Why create a cluster serving the general interest?

Antoine Vaccaro, President of Force For Good, by Faircom and of Cerphi, the Centre for the Study and Research on Philanthropy.

The French generosity market is now mature. According to the declarations of donations within the framework of the RI and the IFI, the amounts of donations declared in 2018 show a decrease in the amount of donations estimated at 6% compared to 2017 (58% of the amount of donations collected by the ISF, which in 2018 will become the IFI. 1.8% of the donation amounts reported to Income Tax – IR), in absolute terms with a 3.9% decline in the number of donors. This deterioration was mitigated by an average annual donation that increased by 2%, from €497 in 2017 to €507 in 2018[1]. 1] In addition, 93% of donations are made by loyal donors. Only 7% are new donors. This decrease does not take into account the financial effort that beneficiary organisations have to make to maintain their level of private resources, which leads to a downward trend in net income.

This generosity is divided among 200 organizations that monopolize the market, thanks to their solvent causes, their track record, the size of their databases and the flow of legacies that devote years of “investment”. The competition for the philanthropic euro between these leaders is fierce and leaves little room for emerging structures with equally remarkable struggles and causes.

Economic models are evolving, particularly that of international solidarity NGOs. These organizations most often finance their structural costs through short-term revenue from public generosity, which essentially covers collection and operating costs and, to a lesser extent, the organization’s social purpose (-30% on average, but this varies greatly depending on the weight of public revenue and its nature)[2].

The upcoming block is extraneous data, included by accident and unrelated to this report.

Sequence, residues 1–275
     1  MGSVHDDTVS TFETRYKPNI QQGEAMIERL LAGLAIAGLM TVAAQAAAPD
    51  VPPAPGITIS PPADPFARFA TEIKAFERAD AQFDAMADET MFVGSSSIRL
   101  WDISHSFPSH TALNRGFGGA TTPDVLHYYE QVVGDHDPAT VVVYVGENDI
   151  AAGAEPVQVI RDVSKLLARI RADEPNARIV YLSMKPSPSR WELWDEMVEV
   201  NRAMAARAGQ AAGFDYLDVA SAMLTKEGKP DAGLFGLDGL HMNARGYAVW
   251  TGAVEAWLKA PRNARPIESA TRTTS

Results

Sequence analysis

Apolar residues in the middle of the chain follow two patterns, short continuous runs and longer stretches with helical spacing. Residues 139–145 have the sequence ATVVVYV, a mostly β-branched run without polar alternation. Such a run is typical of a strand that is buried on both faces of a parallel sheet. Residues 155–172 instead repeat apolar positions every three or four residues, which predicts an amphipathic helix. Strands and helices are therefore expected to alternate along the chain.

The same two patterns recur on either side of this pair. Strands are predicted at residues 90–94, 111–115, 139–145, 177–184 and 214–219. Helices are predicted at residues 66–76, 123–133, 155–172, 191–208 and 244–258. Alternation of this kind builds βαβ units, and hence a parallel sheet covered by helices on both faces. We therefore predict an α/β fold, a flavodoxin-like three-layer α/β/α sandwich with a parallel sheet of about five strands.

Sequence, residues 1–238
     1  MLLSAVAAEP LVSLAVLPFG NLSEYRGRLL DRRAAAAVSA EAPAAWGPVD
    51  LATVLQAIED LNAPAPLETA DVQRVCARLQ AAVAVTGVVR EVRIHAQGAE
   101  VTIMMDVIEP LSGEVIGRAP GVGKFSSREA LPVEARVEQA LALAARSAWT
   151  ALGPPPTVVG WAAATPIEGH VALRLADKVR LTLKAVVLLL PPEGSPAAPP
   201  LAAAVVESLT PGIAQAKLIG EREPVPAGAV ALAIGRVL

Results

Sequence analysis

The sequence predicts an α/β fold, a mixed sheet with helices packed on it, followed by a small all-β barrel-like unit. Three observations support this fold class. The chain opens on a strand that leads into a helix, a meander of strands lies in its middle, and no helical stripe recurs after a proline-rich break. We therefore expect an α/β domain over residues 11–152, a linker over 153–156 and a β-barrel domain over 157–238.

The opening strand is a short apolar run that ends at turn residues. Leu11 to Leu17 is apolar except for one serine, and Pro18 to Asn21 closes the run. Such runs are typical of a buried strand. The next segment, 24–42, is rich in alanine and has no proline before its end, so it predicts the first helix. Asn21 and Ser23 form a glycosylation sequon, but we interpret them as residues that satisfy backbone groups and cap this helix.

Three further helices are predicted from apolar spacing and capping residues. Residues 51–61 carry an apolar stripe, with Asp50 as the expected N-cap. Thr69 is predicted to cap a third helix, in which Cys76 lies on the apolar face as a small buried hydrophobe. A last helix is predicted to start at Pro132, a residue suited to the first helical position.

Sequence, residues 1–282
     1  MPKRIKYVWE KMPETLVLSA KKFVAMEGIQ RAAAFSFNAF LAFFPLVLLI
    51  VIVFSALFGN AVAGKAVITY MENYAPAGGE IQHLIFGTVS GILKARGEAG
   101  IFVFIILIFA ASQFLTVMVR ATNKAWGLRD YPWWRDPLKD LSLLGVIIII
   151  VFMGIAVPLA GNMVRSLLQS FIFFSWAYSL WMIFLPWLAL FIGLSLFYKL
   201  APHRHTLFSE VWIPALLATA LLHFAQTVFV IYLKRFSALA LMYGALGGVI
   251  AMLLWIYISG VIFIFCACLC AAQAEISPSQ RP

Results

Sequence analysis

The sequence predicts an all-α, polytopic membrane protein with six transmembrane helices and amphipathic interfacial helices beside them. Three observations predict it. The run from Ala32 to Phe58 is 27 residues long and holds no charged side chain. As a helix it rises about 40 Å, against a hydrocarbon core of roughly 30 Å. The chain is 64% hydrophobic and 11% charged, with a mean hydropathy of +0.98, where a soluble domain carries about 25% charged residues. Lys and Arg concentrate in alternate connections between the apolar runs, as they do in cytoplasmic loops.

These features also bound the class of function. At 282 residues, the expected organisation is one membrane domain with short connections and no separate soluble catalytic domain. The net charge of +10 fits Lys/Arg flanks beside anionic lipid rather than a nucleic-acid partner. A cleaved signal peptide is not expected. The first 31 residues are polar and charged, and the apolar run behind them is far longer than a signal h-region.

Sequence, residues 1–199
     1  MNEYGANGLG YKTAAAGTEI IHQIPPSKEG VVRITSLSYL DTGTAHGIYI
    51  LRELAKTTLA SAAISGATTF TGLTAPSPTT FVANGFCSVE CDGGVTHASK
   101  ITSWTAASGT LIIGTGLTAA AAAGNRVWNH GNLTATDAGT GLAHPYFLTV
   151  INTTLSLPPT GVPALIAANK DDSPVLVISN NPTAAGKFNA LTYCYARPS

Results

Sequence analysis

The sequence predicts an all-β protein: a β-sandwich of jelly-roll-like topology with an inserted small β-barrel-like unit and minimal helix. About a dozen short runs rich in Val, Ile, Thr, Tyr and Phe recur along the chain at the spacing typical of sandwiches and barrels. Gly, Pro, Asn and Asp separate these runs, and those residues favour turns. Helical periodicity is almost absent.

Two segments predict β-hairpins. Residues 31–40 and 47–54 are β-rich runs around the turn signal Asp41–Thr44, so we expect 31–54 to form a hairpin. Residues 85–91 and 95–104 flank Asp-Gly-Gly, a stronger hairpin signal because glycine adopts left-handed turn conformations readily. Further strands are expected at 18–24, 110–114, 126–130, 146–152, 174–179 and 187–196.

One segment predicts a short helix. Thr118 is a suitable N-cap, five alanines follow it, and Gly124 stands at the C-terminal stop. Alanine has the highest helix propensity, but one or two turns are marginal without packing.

Expressed differently, as Daniel Bruneau points out in his analysis, private funds make it possible to implement the social object largely financed by public subsidies: the French State and its agencies, European and international public institutions, which do not assume their responsibility by granting, on average, only 7% to cover operating costs, while their requirements in terms of qualitative and quantitative reporting become exorbitant. Also, any tax instability, and this continues from year to year (transformation of the wealth tax into an IFI, reduction in the deduction rate for corporate sponsorship), weakens this economic model.

Antoine Vacarro, Portrait par l’artiste Patrice Zana.

The integration of more and more human resources in head offices has considerably changed the needs of associations and foundations vis-à-vis consultancy agencies. The nature of the services required is different. The level of advice is also different. Faced with this movement to increase staff numbers at the expense of “outsourcing”, consulting agencies and fundraising consultants, who have accompanied and amplified the growth of the philanthropic movement for more than 30 years, are looking forward to the future.  In addition: